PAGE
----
Sustainability in Apparel Industry – Commitments and Strategies undertaken to become Sustainable

Contributor: Bhawna Sharma

I have been developing my interest in sustainability after observing the sustainability measures undertaken by the apparel industry. The same environmental sensibilities that have swept the foodie world (farm-to-table, organic produce) are making inroads in the fashion universe. Slowly but surely the apparel industry is catching on to sustainability and corporate social responsibility.

In the past several years, the apparel industry has faced intensifying criticism about its environmental footprint and has once again reacted both on a brand level, with many brands establishing their own sustainability commitments and strategies, as well as on an industry-wide scale with initiatives such as the Sustainable Apparel Coalition.

Moreover, in the Apparel industry, the length of the supply chain (from natural fibre, polymer resin or other material, all the way to finished clothing) is quite long. Because of the numerous processing steps involved in garment production, often conducted by different suppliers, the major environmental impacts of production usually occur before the Tier 1 (cut and sew) suppliers of brands and retailers.

Key issues to be considered are:

  • Consumer behaviour change – especially cleaning and disposal of clothes.
  • Making sustainable development desirable.
  • Climate change adaptation – as the planet's temperature changes, consumer needs for clothes will change.
Brands and retailers need to work with their suppliers to understand what the problems are and how they can be improved.

An initial step would be to adopt a few fabrics that are more sustainable but that may cost 5-10% more in the base price. This would cause a chain reaction in the rest of the industry. As big brands source more responsible textiles for their collections, there will be a bigger volume of orders which will lower the overall manufacturing cost (and therefore retail price), making the product more accessible to the mainstream market.

An example of good practice is H&M which is considering bringing a new high-tech, recycled polyester that is made in a closed-loop system, into its range. This is a commercially viable option at a cost-effective price.

The fabric is engineered from post-consumer bottles sourced and processed solely in Italy and boasts a unique local supply chain. It is a good example of how standard polyesters can be slowly removed from the marketplace for a more sustainable option.

It’s truly fascinating to see how businesses are finding new ways of tackling sustainability challenges to create a bright future for people on Earth.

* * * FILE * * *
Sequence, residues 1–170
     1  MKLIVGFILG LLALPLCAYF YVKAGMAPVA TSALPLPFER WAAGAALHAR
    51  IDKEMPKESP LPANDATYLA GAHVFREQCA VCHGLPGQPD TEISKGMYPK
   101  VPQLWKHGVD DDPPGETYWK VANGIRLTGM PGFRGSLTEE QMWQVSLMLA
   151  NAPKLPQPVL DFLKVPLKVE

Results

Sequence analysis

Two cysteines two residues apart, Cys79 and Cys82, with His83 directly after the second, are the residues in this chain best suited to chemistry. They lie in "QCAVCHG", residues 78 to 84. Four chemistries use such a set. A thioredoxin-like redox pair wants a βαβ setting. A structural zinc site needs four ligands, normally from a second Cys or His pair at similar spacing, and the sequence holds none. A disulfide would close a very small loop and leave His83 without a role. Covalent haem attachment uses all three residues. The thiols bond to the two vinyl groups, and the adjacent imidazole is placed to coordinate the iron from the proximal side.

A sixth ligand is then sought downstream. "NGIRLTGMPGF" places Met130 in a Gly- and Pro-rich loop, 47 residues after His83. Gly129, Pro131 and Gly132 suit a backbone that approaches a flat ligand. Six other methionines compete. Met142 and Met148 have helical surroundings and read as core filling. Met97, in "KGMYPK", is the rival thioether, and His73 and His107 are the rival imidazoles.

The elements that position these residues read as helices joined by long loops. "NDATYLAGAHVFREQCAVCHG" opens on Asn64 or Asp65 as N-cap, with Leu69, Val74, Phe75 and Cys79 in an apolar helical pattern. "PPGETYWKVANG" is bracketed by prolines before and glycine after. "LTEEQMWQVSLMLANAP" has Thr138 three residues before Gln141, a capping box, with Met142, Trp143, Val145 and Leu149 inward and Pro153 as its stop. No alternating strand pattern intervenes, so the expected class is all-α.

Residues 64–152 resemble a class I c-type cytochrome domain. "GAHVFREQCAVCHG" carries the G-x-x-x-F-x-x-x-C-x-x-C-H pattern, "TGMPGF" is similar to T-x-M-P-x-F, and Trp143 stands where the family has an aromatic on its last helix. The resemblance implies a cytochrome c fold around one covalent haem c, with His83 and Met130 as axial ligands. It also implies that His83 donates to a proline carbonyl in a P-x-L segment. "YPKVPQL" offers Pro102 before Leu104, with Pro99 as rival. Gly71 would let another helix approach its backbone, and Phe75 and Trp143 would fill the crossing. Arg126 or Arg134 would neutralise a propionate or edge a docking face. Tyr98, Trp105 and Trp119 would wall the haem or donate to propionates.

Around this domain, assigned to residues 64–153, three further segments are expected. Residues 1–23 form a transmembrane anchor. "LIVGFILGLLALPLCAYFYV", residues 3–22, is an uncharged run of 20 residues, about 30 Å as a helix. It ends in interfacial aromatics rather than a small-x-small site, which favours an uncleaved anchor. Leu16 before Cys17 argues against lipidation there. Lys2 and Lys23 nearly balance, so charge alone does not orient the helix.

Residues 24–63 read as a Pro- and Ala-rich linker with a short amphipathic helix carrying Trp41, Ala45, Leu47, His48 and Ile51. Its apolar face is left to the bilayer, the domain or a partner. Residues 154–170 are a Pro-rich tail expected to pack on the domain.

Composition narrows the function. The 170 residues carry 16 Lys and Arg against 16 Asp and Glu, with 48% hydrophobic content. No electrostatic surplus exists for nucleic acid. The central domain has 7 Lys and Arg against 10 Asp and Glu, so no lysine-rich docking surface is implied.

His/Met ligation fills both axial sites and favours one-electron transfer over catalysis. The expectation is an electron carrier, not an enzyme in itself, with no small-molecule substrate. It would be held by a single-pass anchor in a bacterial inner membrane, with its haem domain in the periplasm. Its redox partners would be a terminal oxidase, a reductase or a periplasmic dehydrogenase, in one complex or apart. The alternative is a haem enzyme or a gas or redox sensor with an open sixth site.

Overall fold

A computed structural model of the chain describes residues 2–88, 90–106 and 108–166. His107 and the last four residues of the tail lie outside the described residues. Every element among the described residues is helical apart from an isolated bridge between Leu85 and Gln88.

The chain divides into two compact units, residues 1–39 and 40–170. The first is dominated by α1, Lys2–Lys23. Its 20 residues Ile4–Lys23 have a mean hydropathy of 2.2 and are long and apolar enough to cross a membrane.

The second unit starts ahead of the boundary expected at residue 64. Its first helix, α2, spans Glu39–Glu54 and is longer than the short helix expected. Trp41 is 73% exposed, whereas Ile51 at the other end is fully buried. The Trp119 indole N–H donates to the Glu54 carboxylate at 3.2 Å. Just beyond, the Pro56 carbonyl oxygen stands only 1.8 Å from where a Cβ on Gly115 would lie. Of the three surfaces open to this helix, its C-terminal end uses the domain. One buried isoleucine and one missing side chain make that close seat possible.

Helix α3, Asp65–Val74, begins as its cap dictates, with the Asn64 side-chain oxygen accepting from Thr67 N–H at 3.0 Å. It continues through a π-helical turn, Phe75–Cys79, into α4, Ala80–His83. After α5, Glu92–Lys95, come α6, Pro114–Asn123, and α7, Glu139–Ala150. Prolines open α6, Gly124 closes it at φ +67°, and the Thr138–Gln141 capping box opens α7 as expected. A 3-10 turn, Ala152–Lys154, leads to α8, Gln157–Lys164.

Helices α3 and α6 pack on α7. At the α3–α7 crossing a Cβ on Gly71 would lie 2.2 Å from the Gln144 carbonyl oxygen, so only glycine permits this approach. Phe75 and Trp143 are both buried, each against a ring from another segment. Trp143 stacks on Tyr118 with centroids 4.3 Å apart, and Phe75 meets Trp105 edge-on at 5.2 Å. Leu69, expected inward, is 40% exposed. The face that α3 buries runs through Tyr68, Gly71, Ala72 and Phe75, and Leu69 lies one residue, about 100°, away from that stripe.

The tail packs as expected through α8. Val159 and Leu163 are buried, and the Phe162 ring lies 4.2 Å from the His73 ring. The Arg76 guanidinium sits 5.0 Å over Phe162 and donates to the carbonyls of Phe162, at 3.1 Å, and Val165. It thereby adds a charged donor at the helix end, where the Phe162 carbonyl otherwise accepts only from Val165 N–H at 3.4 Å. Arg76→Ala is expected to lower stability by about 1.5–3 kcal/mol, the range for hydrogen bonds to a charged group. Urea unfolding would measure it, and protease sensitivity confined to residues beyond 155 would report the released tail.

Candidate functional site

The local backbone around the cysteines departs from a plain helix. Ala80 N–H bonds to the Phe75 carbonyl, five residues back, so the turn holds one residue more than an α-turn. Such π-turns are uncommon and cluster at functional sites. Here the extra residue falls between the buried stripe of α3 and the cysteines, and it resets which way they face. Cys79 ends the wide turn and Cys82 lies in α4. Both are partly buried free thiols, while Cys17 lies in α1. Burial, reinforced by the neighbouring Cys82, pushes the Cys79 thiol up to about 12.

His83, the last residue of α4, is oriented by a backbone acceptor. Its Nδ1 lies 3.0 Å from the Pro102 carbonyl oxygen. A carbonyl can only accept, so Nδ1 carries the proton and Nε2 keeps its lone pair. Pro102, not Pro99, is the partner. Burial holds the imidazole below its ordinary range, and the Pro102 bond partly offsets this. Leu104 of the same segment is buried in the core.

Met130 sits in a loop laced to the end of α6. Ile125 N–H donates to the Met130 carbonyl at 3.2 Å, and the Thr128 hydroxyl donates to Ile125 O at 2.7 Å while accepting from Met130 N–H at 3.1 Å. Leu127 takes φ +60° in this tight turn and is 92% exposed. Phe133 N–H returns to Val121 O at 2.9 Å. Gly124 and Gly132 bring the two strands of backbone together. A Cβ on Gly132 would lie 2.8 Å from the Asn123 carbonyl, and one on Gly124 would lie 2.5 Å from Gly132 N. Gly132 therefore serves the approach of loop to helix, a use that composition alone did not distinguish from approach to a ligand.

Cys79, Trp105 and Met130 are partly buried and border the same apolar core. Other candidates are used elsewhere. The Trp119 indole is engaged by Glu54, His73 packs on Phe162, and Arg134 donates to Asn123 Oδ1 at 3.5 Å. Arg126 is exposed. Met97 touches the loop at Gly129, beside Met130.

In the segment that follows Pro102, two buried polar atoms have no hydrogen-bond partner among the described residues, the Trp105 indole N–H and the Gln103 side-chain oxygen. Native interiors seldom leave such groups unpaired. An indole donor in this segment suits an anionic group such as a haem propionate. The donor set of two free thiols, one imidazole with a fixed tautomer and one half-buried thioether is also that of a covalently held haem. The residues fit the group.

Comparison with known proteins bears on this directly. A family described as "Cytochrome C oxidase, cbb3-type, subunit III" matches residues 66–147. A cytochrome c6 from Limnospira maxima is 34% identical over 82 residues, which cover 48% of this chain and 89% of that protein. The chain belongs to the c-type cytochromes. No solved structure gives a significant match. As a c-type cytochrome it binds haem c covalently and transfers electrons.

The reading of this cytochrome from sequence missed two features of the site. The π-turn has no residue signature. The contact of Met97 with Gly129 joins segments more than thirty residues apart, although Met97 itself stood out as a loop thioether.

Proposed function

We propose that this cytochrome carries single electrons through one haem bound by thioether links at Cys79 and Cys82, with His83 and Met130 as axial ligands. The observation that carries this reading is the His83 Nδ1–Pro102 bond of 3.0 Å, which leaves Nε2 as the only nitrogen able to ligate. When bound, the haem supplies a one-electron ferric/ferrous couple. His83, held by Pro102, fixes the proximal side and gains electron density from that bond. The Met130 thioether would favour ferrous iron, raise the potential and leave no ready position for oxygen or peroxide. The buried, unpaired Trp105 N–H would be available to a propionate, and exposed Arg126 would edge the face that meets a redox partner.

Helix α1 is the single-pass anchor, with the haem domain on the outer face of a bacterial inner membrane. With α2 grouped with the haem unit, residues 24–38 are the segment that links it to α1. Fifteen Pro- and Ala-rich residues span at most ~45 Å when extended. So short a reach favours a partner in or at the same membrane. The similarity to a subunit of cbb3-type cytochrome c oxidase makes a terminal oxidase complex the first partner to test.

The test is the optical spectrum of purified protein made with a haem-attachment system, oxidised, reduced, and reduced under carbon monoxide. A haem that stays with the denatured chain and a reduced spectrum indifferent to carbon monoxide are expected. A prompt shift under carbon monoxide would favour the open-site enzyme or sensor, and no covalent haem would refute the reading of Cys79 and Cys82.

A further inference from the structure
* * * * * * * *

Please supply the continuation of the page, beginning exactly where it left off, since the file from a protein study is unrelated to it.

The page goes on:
For example:

Puma are well known for its Clever Little Bag campaign i.e. getting rid of shoe boxes and using a reusable bag instead. The sports company is also working on product development with eco scorecards and converting more of their range to sustainable materials, including cotton made in Africa.

Moreover, M&S is also considered as a leader in getting the message of its sustainability strategy out to the public

There are also other big brands doing some really interesting things like:


The Swedish Brand is not only trying to reduce the environmental impact of its operations, but is making commendable efforts into putting sustainability at the heart of the entire business. The fashion brand has obviously realised that continuing with ‘business as usual’, focusing only on short-term profits, inefficiently utilising raw materials, disregarding human rights and taking, but not giving back, is not the way to a firm of the future.

To achieve its goals and stay intact with its vision, H&M has developed seven ambitious commitments as part of their sustainability strategy that everyone in the company has to work towards to offer both fashion and sustainability and those are:
  1. Provide fashion for conscious customers
  2. Choose and reward responsible partners
  3. Be ethical
  4. Be climate smart
  5. Reduce, reuse, recycle
  6. Use natural resources responsibly
  7. Strengthen communities
H&M is part of a number of communities globally including where their stores are located as well as throughout their supply chain. The business has an impact on society and is responsible for more than one million jobs around the world.

For example, together with UNICEF the clothing giant is working on a project called ‘All for children’ aimed at protecting the rights of poor children around the world. Another initiative is the collaboration with Water Aid since 2002 to enable the world’s poorest people gain access to safe water, sanitation and improved hygiene.